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Calf Scours

Calf scours is another word for diarrhea in calves often caused by a pathogen that causes digestive upset or an infection in the gastro-intestinal tract of the calf. These pathogens often prevent the intestines from absorbing fluids and/or secretions thus causing a watery discharge.

Scouring results in dehydration and causes a calf to become lethargic, have disinterest in eating or drinking, unthriftiness, and eventually death in severe cases.

Most calf scours are seen with dairy calves, but it's also not uncommon with beef calves. Scouring can occur when a calf is anywhere from a day old to several months old, however most cases occur when calves are between 2 to 3 weeks of age. Interestingly, a calf borne from a heifer is more likely to scour than a calf borne from a cow, likely because of the lack of sufficient antibodies in the heifer's colostrum are enough to allow certain pathogens which the calf has no immunity to to enter the calf and cause scouring.

The causes and treatment of scours vary depending on the pathogen that is causing it, as such most cases that are unknown should be taken up by a veterinarian. However, some information on scouring and the best treatments available should be known among those who are responsible for the care of their calves.

Most causes of diarrhea in calves less than a week (or five days) old are caused by bacteria. Salmonella and Escherichia coli are most common bacterial species to affect the intestine's ability to absorb fluids from the gut.

When a calf is less than five days old and scouring, the best treatment options is using antibiotics, often given in oral-pill form.

Calves that have diarrhea after five days of age are much more often to be infected with a virus or parasite, not a bacteria. If the calf is found to have a bacterial infection causing scouring, it could most likely be secondary. Most common viruses causing scouring are Rotovirus and Coronavirus. Parasites include Coccidia and Cryptosporidia. Antibiotics will not be effective with either.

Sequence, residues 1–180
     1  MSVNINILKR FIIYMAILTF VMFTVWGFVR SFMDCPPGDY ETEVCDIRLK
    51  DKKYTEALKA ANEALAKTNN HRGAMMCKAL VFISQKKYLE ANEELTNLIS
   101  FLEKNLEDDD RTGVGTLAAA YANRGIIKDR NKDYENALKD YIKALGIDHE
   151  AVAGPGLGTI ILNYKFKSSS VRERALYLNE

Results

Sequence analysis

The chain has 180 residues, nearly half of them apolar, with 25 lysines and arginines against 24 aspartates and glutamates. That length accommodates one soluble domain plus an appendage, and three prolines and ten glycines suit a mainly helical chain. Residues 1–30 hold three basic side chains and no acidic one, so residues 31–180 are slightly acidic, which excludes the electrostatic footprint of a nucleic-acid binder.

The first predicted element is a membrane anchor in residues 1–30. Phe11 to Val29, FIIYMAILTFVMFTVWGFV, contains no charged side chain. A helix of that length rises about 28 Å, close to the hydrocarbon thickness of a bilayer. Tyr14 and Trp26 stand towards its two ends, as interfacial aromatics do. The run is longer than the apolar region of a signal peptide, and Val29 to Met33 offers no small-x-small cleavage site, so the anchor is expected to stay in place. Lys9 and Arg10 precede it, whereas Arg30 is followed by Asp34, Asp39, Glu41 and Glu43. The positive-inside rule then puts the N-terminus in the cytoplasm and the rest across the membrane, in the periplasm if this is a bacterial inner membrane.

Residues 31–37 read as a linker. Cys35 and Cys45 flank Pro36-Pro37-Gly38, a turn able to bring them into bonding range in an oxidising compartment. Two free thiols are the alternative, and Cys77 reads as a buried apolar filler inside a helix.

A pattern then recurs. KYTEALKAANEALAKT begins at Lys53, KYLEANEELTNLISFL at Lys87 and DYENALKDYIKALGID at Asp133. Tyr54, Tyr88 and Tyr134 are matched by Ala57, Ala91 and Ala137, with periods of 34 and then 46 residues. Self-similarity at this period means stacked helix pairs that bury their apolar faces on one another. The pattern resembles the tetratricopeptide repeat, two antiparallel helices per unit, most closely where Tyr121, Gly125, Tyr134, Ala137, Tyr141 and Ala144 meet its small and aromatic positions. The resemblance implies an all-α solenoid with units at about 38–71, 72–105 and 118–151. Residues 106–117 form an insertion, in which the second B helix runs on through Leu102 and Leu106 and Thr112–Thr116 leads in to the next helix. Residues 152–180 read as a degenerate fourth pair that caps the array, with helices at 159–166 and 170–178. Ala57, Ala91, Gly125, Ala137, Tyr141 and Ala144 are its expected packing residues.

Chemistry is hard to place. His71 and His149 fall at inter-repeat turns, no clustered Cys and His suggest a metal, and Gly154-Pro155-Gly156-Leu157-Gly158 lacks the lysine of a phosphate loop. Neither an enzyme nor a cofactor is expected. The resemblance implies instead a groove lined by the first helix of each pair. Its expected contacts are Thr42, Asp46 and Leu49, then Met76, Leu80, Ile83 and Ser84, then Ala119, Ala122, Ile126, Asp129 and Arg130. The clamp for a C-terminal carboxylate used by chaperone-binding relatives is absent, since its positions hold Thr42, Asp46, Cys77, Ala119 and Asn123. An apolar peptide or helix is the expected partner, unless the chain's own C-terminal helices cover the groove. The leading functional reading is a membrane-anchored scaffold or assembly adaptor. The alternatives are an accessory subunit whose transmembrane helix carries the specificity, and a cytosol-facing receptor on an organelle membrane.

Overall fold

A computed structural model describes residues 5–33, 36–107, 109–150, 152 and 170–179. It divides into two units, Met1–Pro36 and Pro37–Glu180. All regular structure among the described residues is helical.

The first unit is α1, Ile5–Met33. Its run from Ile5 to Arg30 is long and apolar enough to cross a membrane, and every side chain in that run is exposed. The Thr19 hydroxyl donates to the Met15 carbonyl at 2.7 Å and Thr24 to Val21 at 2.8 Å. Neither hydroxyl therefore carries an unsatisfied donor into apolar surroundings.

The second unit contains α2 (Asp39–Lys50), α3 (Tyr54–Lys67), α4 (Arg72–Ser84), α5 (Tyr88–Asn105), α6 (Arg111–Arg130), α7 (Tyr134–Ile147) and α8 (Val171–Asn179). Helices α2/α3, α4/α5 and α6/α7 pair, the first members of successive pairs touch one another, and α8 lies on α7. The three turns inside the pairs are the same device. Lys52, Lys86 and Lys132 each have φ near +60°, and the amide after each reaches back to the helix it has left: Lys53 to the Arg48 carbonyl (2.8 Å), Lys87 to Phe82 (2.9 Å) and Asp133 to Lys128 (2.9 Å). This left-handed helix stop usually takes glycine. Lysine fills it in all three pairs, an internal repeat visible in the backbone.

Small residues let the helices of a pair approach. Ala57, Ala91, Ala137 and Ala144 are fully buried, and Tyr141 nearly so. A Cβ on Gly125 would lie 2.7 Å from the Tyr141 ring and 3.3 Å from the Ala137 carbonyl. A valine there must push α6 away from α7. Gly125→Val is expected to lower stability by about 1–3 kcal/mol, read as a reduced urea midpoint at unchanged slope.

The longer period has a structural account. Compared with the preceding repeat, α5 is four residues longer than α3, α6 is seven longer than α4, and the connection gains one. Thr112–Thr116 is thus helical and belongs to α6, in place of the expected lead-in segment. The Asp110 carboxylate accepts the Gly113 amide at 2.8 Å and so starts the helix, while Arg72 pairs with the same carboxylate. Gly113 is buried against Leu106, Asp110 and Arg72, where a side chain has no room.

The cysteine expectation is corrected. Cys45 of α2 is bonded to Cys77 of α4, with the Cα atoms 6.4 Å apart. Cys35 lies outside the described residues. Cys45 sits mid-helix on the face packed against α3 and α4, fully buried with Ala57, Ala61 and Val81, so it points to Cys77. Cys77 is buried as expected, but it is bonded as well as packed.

Bacteria is often not the primary cause of calf scours in calves older than a week of age because of the lower pH in the calf's abomasum. A lower pH will kill bacteria more readily than viruses or parasites. Thus, not only will oral tablets be ineffective, but so will injectable antibiotics. Oral electrolytes are more effective at helping a calf to combat viral infections.

Some Common Misconceptions:
1. Too much milk causes a calf to scour:
- Calves in a natural environment consume around 20% (16 to 24%) of their bodyweight in milk per day. Traditional feeding dictates that calves on the bottle should be fed half of that--only 10% per day. Reason: efficiency, time management, fear too much milk limits starter intake levels.
- Scours are caused by pathogenic infections, not excessive consumption of milk. Majority of pathogens enter calves from a dirty, soiled environment (such as a dirty calving area), from inadequate intake of colostrum (colostrum not given to calf within 2 hours of birth), poor-quality milk replacers, unsanitized feeding equipment, overcrowding, and lack of attention of vaccination dam against E.coli (specific strain [K99]) scours.

2. Because colostrum fights disease, it can be handled with dirty equipment and held at room temperature.
- False
- Colostrum, when given soon enough and in sufficient quantities (such as four quarts given immediately to a newborn Holstein calf), only fights infection when in the calf.
- Bacteria can multiply very quickly in warm environment, doubling their population every 30 minutes, and contaminates will multiply at least as rapidly in colostrum as in milk.
- Colostrum must be handled in the same way as milk in order to preserve quality.
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